Editor’s Note: As @cosmos4u on Twitter, Daniel Fischer in Königswinter, Germany keeps thousands of people informed each day about what’s going on in astronomy, the night sky and the space program. He begs to differ with the conventional wisdom about supermoons, that you cannot discern the extra large size of a supermoon using your eye alone. In fact, he says, if you watch over a year, you can. Daniel’s report follows …
A perigee moon is commonly nowadays called a “supermoon.” Many will repeat the claim that the eye can’t discern a supermoon’s extra large size without a ruler. But this is simply not true! Obviously these people have never tried for themselves – but I did, inadvertently, beginning around 2011. Without knowing anything about its distance, I watched the February 17, 2011 full moon high in the sky and noted its unusual angular size, that is, its size as it appears on the dome of Earth’s sky. Then checking the ephemeris, the reason was obvious: perigee was close and the moon’s distance only 359,000 kilometers (223,000 miles)! That’s compared to the moon’s average distance of 384,000 kilometers (239,000 miles).
And so I had found out by chance that the ellipticity, or oblong-ness, of the lunar orbit is actually pretty obvious to the unaided eye, with perigee full moons easily recognized as such without being told about their closeness beforehand.
In the following year, I even made a little sport out of guessing the distance of full moons without knowing the numbers, and it worked quite well. To do this properly the moon has to be reasonably high in the sky and away from distracting foreground objects: the moon illusion – the illusion by which a moon near the horizon looks extra large in size – must not be allowed to play a role. Just take in the unobstructed sight (and look how much surface detail of the maria one can actually see with the unaided eye, while you’re at it).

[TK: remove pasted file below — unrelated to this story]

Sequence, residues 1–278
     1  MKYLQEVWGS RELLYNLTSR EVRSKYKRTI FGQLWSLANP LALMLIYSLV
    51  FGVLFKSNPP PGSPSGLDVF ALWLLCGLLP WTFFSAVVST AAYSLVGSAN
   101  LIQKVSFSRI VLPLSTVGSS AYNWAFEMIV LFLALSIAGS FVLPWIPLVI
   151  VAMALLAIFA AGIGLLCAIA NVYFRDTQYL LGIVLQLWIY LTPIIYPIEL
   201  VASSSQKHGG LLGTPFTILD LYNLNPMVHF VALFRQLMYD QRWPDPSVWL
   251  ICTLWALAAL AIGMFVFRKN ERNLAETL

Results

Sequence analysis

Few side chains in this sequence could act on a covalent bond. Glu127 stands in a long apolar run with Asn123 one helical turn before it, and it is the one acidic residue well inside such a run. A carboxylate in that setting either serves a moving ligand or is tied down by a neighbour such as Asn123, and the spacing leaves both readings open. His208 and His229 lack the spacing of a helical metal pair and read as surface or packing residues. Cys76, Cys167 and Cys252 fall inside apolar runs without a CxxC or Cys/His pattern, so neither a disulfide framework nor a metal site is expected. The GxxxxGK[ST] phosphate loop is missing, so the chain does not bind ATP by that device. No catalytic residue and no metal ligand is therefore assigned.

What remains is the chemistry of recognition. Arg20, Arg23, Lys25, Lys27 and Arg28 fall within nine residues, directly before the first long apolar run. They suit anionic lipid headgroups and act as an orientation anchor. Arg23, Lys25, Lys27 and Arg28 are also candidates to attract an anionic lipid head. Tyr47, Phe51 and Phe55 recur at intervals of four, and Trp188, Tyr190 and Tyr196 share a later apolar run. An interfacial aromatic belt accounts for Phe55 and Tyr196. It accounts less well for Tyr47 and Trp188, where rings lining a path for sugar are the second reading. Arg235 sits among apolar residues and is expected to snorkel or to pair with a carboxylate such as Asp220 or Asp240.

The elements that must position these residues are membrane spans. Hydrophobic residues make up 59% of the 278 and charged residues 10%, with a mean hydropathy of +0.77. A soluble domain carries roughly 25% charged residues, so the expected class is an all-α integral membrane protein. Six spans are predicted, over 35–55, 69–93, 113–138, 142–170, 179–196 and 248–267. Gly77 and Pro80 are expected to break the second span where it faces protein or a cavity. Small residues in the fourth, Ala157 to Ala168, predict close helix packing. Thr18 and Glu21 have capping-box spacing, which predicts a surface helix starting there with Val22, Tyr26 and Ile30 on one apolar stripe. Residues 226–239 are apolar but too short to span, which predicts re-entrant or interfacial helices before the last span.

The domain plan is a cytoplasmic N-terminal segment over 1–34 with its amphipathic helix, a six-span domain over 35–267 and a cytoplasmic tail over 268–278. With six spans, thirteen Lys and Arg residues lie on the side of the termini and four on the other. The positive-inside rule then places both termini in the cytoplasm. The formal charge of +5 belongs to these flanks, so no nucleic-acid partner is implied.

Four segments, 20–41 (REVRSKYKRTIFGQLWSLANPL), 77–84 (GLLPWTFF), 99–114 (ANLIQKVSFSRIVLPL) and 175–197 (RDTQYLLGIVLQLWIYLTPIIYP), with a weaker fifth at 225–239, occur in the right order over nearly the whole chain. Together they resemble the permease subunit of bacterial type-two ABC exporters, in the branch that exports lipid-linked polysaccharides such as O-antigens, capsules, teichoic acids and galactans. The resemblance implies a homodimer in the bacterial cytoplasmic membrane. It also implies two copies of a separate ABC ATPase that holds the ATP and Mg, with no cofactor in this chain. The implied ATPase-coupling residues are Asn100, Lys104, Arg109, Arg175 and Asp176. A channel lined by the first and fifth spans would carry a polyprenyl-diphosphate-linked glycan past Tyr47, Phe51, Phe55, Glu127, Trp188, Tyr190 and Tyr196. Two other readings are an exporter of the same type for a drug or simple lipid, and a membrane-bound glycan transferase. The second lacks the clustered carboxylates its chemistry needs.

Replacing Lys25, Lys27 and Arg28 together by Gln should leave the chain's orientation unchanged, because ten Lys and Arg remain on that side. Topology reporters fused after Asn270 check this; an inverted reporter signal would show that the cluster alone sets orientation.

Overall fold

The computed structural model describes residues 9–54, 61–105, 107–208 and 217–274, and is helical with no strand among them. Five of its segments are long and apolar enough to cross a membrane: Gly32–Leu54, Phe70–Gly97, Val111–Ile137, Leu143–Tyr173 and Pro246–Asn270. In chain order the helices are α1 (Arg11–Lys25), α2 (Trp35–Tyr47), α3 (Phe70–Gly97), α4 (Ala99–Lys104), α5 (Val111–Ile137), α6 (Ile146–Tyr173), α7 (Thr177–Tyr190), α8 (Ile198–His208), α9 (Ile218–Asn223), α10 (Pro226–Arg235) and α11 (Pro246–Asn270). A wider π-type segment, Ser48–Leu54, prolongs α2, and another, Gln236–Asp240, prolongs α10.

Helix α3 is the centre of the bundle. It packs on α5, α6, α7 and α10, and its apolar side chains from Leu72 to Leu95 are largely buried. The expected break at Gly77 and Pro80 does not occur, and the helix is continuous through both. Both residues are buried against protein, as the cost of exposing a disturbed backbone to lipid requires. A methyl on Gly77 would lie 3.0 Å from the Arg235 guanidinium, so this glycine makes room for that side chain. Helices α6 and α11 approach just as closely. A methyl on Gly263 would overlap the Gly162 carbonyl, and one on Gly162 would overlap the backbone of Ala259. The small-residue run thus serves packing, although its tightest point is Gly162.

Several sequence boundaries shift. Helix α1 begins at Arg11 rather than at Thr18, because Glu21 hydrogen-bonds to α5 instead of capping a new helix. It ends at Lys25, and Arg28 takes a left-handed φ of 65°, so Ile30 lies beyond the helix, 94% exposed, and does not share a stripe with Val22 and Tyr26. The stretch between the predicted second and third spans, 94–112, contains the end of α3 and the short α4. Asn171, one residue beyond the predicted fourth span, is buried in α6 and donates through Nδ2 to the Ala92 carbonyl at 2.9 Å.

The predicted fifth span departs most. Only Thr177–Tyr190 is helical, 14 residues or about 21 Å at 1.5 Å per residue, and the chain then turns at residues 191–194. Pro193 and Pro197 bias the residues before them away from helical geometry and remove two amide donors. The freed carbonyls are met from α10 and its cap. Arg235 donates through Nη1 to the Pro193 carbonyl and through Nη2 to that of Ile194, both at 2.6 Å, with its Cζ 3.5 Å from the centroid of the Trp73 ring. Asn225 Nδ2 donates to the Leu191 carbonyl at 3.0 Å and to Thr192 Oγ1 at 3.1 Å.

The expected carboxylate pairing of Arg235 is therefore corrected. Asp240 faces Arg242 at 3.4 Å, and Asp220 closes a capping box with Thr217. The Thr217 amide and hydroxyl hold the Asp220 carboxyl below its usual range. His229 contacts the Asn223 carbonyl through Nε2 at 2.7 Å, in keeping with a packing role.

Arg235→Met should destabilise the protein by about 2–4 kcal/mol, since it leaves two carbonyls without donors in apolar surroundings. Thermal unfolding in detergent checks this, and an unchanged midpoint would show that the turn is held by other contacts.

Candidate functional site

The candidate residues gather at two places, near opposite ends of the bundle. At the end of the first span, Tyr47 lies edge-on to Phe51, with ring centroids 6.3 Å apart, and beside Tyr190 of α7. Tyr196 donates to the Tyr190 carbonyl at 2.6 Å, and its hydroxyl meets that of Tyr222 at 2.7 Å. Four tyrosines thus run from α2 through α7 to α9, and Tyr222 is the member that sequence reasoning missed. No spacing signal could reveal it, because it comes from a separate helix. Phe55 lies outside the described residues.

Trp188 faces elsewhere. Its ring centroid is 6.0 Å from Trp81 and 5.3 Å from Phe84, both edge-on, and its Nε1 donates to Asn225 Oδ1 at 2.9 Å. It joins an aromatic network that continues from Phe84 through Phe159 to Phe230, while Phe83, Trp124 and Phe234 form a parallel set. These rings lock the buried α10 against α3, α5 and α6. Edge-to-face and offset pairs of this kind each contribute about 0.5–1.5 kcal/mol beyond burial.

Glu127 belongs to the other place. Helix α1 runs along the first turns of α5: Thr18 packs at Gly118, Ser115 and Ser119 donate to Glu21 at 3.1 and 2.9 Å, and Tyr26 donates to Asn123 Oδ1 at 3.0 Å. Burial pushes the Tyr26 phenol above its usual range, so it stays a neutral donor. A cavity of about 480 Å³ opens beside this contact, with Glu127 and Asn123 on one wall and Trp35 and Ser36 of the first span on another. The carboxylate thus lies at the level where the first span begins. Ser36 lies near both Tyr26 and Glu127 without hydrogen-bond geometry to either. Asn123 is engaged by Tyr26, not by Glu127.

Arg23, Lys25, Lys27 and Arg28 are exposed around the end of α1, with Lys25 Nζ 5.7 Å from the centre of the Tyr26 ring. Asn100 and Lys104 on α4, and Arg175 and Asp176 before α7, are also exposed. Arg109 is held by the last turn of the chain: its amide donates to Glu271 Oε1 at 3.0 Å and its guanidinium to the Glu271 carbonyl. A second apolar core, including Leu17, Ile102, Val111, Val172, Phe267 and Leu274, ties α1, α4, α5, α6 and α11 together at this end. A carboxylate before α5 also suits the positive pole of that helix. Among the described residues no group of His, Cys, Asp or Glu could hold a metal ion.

Since then I have repeated the ‘blind’ test a couple of times, by deliberately not caring for the distance of the moon and only looking it up when an accidental sighting of the (nearly or totally) full moon made it appear particularly large: was in the closest 1/3 of its orbit every
The fact that the ellipticity of the lunar orbit can be detected with the unaided eye and without any technical means also raises the question whether that may have happened already in antiquity (which could have led thinkers to question that everything in the cosmos was going around in perfect circles). I have tried to find literature on that topic but couldn’t find conclusive answers.
Bottom line: Many will tell you that you can’t discern the supermoon’s extra large size with just your eye. Daniel Fischer in Königswinter, Germany says that’s not true.
Members of the EarthSky community - including scientists, as well as science and nature writers from across the globe - weigh in on what's important to them. Photo by Robert Spurlock.